Of course, even when employee leasing is successfulwhen the worker is actually an employee of the leasing company rather than the clientthe PPACA obligations and penalties would apply to the leasing company. The leasing company is likely to pass the cost of healthcare coverage for the workers to its clients.
How the Leased Employee Strategy Could Go Awry
The leased employee strategy has the same inherent weakness as the independent contractor strategymisclassification. It is difficult to be certain that the workers should be classified as employees of the leasing company, rather than its client; the leasing company and the client might also be joint employers.
A client that depends on the leasing company to provide healthcare coverage to the leased employees should verify that the coverage is actually being provided. If the leasing company fails to deliver on its promise to provide coverage, the client may be liable for the PPACA penalties.
Strategy No. 4: Separate Entities
A business is permitted to exclude up to 5 percent of its full-time employees from healthcare coverage without being subject to the 4980H(a) penalty. But what if an employer wants to exclude a group that accounts for more than 5 percent? One strategy is to have a separate entity act as the employer for the uncovered group.
The separate entity strategy could reduce, but not eliminate, the penalty. For example, assume that a business has 100 full-time employees. Eighty are employed by a subsidiary that has employer-provided coverage; the other 20 are employed by a subsidiary that does not have coverage. Both subsidiaries are at least 80 percent owned by a common parent. As a result of the common ownership, both subsidiaries are treated as a large employer. Since the first subsidiary has employer-provided coverage for its employees, it is not subject to the 4980H(a) penalty. The second subsidiary, however, is subject to a penalty of $28,000. (The 30-employee exemption from the penalty is pro-rated between the two subsidiaries. Since the second subsidiary has 20 percent of the employees of the business, it has six exemptions. Thus, the penalty is $2,000 multiplied by 14 employees.)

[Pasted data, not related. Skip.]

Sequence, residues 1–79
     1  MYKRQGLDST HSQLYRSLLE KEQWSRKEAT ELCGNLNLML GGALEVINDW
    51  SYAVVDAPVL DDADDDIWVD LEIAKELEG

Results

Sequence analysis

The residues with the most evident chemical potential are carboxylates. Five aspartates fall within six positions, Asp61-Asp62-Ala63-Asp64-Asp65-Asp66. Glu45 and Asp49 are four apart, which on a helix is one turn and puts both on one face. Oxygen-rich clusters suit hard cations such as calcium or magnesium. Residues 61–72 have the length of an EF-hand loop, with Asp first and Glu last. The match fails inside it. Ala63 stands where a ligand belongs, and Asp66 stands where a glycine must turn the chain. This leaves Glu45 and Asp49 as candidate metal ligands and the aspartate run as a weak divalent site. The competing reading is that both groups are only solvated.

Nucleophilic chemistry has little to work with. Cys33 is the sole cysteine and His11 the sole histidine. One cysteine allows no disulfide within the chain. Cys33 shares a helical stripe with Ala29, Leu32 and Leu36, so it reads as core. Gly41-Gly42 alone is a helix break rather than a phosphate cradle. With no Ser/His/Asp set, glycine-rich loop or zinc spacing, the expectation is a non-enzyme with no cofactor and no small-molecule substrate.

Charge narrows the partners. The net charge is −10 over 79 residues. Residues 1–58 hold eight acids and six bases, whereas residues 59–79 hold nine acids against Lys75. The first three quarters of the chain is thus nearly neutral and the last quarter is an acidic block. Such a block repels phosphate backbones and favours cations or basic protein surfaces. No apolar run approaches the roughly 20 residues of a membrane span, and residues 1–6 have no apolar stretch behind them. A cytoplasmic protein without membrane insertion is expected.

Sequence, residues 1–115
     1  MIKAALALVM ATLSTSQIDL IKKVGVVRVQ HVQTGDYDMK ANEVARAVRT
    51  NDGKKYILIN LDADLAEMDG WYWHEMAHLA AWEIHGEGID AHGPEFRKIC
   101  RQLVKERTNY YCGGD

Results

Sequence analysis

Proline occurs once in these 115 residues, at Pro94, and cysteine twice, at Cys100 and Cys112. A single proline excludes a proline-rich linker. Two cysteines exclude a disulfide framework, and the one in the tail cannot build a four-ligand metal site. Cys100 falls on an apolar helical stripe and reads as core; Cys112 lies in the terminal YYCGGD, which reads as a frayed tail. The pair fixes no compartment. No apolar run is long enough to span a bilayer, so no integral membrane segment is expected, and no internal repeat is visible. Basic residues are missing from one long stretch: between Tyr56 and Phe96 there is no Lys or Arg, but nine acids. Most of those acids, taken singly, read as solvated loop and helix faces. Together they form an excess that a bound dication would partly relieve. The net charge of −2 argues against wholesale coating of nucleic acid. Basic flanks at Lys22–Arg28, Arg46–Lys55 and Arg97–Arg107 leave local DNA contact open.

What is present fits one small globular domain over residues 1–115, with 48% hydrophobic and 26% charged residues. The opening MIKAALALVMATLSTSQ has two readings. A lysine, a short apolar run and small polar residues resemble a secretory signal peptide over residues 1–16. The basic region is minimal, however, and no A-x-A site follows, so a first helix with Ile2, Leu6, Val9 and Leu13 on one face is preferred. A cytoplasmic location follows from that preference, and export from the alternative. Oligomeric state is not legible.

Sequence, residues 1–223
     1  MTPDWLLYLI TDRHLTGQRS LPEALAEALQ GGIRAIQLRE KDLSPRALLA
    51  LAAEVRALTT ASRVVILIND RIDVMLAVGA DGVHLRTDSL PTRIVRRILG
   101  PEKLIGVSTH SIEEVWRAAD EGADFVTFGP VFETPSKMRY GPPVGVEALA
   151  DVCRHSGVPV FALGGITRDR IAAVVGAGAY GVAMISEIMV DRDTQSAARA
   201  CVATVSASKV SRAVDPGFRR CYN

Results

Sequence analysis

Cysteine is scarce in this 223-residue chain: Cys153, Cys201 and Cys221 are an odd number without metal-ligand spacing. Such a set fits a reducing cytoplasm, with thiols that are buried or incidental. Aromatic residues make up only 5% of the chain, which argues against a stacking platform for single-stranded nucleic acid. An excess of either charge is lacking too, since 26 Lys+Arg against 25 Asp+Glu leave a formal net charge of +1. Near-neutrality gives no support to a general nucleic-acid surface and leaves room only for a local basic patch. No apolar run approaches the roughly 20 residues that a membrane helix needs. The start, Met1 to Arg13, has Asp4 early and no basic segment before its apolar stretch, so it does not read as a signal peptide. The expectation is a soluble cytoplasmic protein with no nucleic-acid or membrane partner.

By contrast, if all 100 employees were employed by the same entity, the penalty for failing to cover at least 95 percent of them would be $140,000.
How the Separate Entity Strategy Could Go Awry
It is unclear how much freedom employers will have to allocate employees to separate entities. The IRS could conceivably require the separate entity to have a business purpose beyond just the avoidance of penalties. The IRS might also seek to treat separate entities as joint employers.
In sum, a carefully constructed and executed contingent worker strategy could help an employer avoid or reduce healthcare costs and PPACA penalties. Businesses must bear in mind, however, that common-law principles will determine whether such strategies are successful. Application of these principles depends on the specific facts involved, rather than the intent of the parties. As legal responses and pitfalls to these contingent worker plans continue to evolve, its prudent for all employers to check with legal counsel before enacting a strategy.
Wayne Jacobsen is a partner in O'Melveny & Myers LLPs Newport Beach office and a member of the executive compensation and employee benefits practice. His practice is exclusively in the employee benefits and executive compensation field, including pension and profit sharing plans, employee stock ownership plans, deferred compensation plans, stock option plans, welfare plans, employment agreements, severance arrangements, and change of control arrangements. The opinions expressed in this article do not necessarily reflect the views of O'Melveny or its clients, and should not be relied upon as legal advice.